1. At what point should we consider Conciliation for normal disciplinary matters?


A.   At the moment it is decided that it is more likely than not that charges will be laid.  The sooner these matters can enter the Conciliation stream the less likely the parties are to become entrenched in their positions.  Early diversion into the Conciliation Model will increase the likelihood of reaching a settlement. 



  1. How do I know whether or not a particular case would fall within the range deemed appropriate for Conciliation?


A.   If you aren’t certain whether or not Conciliation would be right for a specific case, give us a call and we can discuss it.  Making a phone call to examine the situation is fast and easy and there would be absolutely no obligation or cost attached to such a call.  Because the Police Services Act permits virtually anything to occur as long as it is with the parties’ consent, there is truly no ceiling on the disposition that might result from Conciliation.  Any disposition would only be deemed final if and when all parties agree.



  1. If we are interested in pursuing Conciliation, what steps must be taken to do so?


A.   i)    Discuss your intentions with the other side - e.g the police officer should    speak to his association who will in turn speak to the administration or the administration should speak to the association;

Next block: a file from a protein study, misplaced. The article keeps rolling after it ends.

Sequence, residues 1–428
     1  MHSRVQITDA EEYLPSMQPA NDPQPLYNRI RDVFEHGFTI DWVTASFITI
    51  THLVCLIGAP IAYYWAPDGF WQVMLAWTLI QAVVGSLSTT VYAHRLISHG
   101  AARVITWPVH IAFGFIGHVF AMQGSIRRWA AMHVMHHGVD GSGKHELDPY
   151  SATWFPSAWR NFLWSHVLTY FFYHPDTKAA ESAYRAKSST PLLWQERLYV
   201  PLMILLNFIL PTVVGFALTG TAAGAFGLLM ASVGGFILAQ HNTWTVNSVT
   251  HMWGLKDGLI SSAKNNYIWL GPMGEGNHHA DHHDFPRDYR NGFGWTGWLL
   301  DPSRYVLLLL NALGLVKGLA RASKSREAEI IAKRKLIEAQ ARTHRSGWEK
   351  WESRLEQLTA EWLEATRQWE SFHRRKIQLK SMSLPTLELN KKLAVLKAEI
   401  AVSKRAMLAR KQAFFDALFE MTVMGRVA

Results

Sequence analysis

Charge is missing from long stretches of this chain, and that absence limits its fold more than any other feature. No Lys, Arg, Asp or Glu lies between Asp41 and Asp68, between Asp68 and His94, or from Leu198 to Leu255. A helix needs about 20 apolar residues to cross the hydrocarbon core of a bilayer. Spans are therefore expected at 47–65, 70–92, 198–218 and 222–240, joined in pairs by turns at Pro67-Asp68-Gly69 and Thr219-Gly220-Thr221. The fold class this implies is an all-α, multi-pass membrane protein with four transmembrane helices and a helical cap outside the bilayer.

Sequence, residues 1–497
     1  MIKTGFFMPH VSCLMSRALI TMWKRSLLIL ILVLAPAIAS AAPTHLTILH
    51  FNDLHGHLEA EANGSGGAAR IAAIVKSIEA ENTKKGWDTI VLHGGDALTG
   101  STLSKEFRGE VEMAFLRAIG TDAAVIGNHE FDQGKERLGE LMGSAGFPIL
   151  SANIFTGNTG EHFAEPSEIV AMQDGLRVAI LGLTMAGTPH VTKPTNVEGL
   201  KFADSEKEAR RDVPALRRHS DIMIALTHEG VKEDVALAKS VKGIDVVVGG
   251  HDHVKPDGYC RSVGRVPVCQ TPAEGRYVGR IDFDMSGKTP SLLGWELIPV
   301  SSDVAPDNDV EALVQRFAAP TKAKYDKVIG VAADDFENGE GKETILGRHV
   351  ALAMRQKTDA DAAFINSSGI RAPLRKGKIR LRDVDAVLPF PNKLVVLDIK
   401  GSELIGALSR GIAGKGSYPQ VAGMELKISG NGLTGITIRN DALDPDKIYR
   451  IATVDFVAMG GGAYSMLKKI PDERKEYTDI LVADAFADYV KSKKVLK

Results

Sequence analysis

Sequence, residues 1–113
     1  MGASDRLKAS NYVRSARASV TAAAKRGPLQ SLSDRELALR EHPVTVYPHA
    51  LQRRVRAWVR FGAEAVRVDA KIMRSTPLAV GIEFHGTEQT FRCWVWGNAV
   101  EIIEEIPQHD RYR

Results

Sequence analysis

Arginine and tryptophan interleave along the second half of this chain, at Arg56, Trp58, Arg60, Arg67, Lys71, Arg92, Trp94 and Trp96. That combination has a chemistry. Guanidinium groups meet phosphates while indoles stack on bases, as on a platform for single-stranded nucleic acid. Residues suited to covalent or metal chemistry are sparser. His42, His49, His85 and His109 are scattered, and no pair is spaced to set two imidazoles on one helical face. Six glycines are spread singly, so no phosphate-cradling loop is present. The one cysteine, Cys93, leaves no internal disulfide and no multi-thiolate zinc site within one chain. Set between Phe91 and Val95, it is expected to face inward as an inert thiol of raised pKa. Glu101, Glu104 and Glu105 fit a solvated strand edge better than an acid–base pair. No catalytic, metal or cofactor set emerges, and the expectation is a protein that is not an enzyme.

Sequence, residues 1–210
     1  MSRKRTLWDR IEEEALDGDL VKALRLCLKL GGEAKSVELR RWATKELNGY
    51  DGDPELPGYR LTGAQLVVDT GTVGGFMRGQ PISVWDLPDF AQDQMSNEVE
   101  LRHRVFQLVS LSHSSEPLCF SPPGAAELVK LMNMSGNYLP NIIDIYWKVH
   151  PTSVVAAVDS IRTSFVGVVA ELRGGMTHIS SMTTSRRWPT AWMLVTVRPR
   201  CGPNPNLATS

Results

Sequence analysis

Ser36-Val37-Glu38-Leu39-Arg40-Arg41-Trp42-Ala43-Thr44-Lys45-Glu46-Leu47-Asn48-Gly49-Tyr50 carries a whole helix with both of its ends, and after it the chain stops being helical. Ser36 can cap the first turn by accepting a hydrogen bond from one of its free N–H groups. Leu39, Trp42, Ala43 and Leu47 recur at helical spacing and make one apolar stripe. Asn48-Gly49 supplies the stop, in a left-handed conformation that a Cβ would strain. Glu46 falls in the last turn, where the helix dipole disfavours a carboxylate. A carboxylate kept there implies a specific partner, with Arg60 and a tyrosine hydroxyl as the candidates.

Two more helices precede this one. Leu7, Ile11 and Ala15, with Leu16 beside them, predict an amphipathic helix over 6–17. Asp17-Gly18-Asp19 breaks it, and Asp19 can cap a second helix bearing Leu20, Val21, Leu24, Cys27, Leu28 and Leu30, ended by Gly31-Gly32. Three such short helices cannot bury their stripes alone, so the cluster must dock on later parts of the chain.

ii) Call or email F&DC to begin the process.


iii) Have an array of dates that would be suitable for all parties (usually 1 – 3 weeks hence).


iv) Forward all relevant information to F&DC to permit them to properly prepare for Conciliation.


v) Arrange for an appropriate facility to accommodate the Conciliation (usually no more than two days).  Two separate rooms are required – each capable of accommodating 3 people.


vi) Ensure that the administration or prosecutor, officer and association are prepared to begin Conciliation on the selected dates.  If Public Complainant is involved, ensure that this individual is aware of times, dates and that they are welcome to participate.  (We are happy to assist with encouraging a Public Complainant to participate in the process.)